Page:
Client - National Trust

BSSEC had completed previous work with the National Trust for several sites in Northern Ireland, involving energy saving opportunities and potential application for renewable energy.

The National Trust commissioned BSSEC again to assist with developing an audit strategy that would be required to achieve ESOS compliance in 2015. An initial audit of one site and a review for sample selection of other sites was needed in order to assess a mix of poorly and mid-range performing properties, all with a range of processes, to comply with ESOS.

Client Requirements

The National Trust, is a conservation organisation in England, Wales and Northern Ireland, and the largest membership organisation in the United Kingdom. The trust describes itself as a charity that works to preserve and protect historic places and spaces with around 6,000 staff and 62,000 volunteers. The trust was founded in 1895 and given statutory powers, starting with the National Trust Act 1907. Historically, the trust tended to focus on English country houses, which still make up the largest part of its holdings, but it also protects historic landscapes such as in the Lake District, historic urban properties, and nature reserves.

BSSEC were commissioned to conduct an initial accompanied energy audit in an ESOS compliant format to provide the National Trust a basis for compliant auditing going forward. Owing to the extent of the National Trust’s properties around the UK, BSSEC were appointed to undertake a high-level desktop review of existing energy consumption and cost data to identify potential areas of weakness and to provide guidance on an appropriate sampling methodology to determine the number of audits required to meet ESOS requirements.


Activities undertaken by the Trust include: catering, retail, administration, visitor centres, historic buildings, farming and horticulture. The aim of the audits was to gain an understanding of the potential energy efficiency improvements that could be implemented across the estate by understanding common features across a representative sample. The energy savings opportunities were identified by maintenance, operational, staff behavioral and technological changes at each site.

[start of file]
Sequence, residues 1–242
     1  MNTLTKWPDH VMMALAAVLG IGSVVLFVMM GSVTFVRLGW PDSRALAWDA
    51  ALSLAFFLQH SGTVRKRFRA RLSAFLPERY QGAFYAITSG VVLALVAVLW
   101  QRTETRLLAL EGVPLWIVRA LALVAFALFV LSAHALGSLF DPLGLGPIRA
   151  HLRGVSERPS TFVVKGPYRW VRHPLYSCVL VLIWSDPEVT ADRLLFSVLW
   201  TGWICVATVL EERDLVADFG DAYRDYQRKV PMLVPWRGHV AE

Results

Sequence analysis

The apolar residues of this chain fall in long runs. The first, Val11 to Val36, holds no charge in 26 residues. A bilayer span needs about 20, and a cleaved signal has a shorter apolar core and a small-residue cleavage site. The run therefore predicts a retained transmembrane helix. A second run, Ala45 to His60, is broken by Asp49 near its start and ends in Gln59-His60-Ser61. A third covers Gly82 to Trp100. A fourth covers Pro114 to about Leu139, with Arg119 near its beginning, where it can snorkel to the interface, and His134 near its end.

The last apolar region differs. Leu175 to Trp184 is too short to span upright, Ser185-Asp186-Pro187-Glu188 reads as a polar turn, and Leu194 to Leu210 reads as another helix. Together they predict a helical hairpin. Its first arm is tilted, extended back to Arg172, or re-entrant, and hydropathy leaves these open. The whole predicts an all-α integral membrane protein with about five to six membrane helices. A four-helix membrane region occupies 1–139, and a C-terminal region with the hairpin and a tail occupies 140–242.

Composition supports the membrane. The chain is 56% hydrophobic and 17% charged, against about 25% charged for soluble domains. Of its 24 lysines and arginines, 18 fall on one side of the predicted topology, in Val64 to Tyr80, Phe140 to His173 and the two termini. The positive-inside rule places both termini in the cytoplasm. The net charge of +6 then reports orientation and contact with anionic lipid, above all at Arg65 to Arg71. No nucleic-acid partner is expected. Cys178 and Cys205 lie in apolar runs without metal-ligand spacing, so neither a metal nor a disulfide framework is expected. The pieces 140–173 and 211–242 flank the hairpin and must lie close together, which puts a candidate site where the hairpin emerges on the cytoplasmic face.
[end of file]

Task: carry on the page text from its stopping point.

After undertaking an initial energy audit, the National Trust contracted BSSEC to complete further audits, ten in total, during 2015 in order to support the trust in achieving compliance. For each of the properties, the services provided by BSSEC to the National Trust included:

  • Desk-based review
  • Energy audits (Inc. site visits and analysis of technical measures)
  • Energy management and behavioural assessment (Inc. communications, policy, targets, strategy, monitoring and training)
  • Energy audit training
  • Energy savings and opportunities reports


Each audit undertaken illustrated a variety of results due to the differing nature of each property and location. Below illustrate the most common and significant potential energy savings opportunities, both non-renewable and renewable, identified by BSSEC for the National Trust sites audited:

  • Staff engagement
  • Monitoring and targeting
  • Time control
  • Draught proofing
  • Replacement of kitchen equipment
  • Replacement of LED lighting and PIR control
  • Night blinds on catering display fridges
  • Loft and pipe insulation
  • Install Solar Thermal
  • Install Solar PV
  • Install Biomass Plant

The robust business cases developed by BSSEC for the National Trust through a baseline review and opportunities assessment give an overall average potential energy saving of 17%.

“By harnessing the power of nature and being careful with the energy we use, the places we find special can be beautiful forever”

National Trust – Our Cause (Energy)

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